First, see if they have profiles on all the major social media sites and determine the extent of their presence. Check all the major sites, even if you feel that they might not be relevant to your business. Just because you might not be utilizing LinkedIn or YouTube doesn’t mean your competitors aren’t - which means they have a distinct advantage over you in those areas.
Then again, you might also find that they’ve taken the time to set up profiles but never actually use them for much of anything. This could also be a huge boon for you as well - you can take advantage of their lack of engagement to get ahead.
If they do actually use their social media accounts, pay special attention to how many followers they have, how often they post, and what sort of content they’re promoting. If they get a lot of engagement with their posts, note what sort of content they’re posting. Are they doing lots of giveaways to people who tag their friends, special Facebook-only promo codes, etc.? Also, do their websites put their social media front and center with social media follow and share buttons?
Find the profile on your competitor list with the most successful social media presence and take notes. Learn from the foremost influencers in your product niche and you can start applying these lessons to your own business.
Apply Your Newfound Knowledge and Make Improvements
Now that you’ve gathered the information you need, it’s time to compare it directly to your own online marketing to see how it stacks up. Hopefully, you’ve gained a better idea of what needs to be improved on your end, as well as what sort of content you need to generate in the future.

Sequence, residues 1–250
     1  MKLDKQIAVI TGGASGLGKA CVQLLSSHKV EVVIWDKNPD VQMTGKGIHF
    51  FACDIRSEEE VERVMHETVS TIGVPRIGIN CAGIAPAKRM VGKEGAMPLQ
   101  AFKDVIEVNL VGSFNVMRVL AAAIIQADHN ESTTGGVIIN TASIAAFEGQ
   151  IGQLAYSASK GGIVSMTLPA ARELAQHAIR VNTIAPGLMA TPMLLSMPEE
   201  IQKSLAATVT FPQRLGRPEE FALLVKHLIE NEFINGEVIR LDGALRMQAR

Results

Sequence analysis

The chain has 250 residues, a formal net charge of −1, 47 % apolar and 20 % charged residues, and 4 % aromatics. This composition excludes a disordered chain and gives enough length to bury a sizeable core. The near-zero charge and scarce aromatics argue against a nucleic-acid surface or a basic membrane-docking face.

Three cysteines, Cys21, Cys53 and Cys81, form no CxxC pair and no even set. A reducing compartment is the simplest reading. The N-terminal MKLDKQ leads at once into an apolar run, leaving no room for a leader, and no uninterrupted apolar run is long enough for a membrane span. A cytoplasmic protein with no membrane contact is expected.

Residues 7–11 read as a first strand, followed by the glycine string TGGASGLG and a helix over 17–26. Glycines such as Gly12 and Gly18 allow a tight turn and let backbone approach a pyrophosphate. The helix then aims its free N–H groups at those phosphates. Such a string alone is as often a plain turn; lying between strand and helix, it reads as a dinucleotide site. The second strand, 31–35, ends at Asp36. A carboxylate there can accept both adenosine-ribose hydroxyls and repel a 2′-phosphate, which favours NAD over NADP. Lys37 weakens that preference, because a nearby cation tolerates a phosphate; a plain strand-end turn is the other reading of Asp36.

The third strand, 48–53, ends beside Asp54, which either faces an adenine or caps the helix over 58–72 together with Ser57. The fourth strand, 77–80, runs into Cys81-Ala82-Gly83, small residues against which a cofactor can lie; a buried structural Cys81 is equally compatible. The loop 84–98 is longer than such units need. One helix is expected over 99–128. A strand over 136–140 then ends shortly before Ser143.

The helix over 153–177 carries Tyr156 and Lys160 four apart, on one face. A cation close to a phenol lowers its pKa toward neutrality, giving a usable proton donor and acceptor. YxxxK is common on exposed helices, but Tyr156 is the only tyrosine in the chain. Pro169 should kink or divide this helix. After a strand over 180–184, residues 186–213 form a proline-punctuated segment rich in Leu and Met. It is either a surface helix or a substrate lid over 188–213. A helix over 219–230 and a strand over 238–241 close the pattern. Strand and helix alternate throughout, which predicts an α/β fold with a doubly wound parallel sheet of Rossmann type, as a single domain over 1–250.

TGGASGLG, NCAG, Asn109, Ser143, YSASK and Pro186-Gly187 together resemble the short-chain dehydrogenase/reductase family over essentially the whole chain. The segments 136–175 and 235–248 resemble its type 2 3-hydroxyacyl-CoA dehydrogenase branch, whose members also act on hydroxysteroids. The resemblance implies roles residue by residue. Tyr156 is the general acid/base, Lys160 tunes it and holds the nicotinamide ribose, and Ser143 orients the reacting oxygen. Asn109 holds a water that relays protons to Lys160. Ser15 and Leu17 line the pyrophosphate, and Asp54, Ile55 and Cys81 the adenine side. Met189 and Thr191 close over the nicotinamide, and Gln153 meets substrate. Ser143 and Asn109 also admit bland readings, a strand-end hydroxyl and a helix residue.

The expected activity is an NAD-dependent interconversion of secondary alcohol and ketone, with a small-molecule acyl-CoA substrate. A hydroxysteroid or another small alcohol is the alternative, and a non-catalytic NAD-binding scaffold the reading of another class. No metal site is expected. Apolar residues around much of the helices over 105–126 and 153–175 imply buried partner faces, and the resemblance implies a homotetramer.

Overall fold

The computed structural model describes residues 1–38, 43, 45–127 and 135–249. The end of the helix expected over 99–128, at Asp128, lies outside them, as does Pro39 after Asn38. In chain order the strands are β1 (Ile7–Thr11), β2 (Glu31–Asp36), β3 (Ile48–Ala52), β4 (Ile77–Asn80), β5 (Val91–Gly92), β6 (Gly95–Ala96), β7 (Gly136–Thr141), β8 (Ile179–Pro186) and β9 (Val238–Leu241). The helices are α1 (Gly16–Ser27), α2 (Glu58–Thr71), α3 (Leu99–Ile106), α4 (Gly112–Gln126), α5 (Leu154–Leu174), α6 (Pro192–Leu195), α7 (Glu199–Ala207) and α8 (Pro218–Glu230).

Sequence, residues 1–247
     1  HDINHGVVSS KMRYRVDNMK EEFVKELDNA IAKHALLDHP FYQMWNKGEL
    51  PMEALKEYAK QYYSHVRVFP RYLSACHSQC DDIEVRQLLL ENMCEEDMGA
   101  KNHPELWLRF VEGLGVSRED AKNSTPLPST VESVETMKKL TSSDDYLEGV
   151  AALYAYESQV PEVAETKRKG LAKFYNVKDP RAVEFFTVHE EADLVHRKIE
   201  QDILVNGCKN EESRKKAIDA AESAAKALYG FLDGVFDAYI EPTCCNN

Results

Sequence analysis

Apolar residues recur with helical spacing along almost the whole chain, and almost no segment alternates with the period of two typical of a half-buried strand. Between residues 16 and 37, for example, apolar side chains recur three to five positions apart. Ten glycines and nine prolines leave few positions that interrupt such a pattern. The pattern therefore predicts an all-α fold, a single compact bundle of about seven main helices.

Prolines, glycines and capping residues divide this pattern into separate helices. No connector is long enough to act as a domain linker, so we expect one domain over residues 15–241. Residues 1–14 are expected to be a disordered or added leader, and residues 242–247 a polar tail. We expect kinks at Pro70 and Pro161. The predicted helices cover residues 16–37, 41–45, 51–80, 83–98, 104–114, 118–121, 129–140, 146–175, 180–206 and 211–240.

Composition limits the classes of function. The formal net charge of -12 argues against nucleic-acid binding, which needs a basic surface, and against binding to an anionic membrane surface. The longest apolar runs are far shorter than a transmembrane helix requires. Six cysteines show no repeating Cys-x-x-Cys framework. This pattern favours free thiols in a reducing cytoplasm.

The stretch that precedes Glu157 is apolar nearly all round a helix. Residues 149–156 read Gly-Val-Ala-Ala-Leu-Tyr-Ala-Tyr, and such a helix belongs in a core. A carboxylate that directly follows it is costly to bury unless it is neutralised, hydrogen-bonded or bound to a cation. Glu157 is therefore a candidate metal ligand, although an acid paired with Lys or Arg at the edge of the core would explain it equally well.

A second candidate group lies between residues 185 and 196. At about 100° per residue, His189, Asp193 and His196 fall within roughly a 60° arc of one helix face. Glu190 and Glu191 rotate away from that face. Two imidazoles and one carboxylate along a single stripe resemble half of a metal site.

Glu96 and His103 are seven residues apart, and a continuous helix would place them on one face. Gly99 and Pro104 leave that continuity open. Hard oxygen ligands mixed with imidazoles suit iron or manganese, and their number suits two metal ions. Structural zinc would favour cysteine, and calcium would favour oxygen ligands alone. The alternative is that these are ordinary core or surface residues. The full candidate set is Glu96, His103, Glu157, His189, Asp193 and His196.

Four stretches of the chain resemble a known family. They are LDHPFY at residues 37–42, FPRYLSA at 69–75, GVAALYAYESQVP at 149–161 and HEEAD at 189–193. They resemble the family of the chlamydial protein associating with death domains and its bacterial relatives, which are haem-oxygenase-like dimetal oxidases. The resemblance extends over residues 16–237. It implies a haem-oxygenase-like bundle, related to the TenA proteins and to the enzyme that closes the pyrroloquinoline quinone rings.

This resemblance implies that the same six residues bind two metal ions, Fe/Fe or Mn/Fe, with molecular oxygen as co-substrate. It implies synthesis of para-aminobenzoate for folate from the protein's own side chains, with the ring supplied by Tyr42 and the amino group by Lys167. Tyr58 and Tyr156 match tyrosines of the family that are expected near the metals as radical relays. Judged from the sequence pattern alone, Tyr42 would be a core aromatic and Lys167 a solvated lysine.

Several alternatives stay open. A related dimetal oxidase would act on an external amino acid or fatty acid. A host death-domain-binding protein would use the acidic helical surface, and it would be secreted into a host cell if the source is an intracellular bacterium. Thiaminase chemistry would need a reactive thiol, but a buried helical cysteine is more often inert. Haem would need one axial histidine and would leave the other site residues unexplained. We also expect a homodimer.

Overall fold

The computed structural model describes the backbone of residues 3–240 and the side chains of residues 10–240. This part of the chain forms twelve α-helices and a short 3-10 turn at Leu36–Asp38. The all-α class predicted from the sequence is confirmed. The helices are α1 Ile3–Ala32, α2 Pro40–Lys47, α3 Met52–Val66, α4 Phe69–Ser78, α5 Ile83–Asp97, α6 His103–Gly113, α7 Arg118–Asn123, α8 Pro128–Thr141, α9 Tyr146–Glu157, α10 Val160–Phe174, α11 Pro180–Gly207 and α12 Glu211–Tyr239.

Take an honest look at your current website’s content in light of your newfound knowledge of your competitors. Is your competitors store of content a result of a large team working for years, something that you just don’t have the money and resources to achieve? Or are they just active on social media and investing more time in sharing their content, something you could do with a little time and effort?
When you know what your competitors are doing better than you, that gives you insight into a path forward, and allows you take to specific steps to deploy your resources wisely and remedy your shortcomings. Whether you’re getting a better idea of what content others are putting out, learning some good keywords to implement on your blog, or gaining some ideas for ways to drum up engagement on social media, it’s always good to keep an eye on the competition.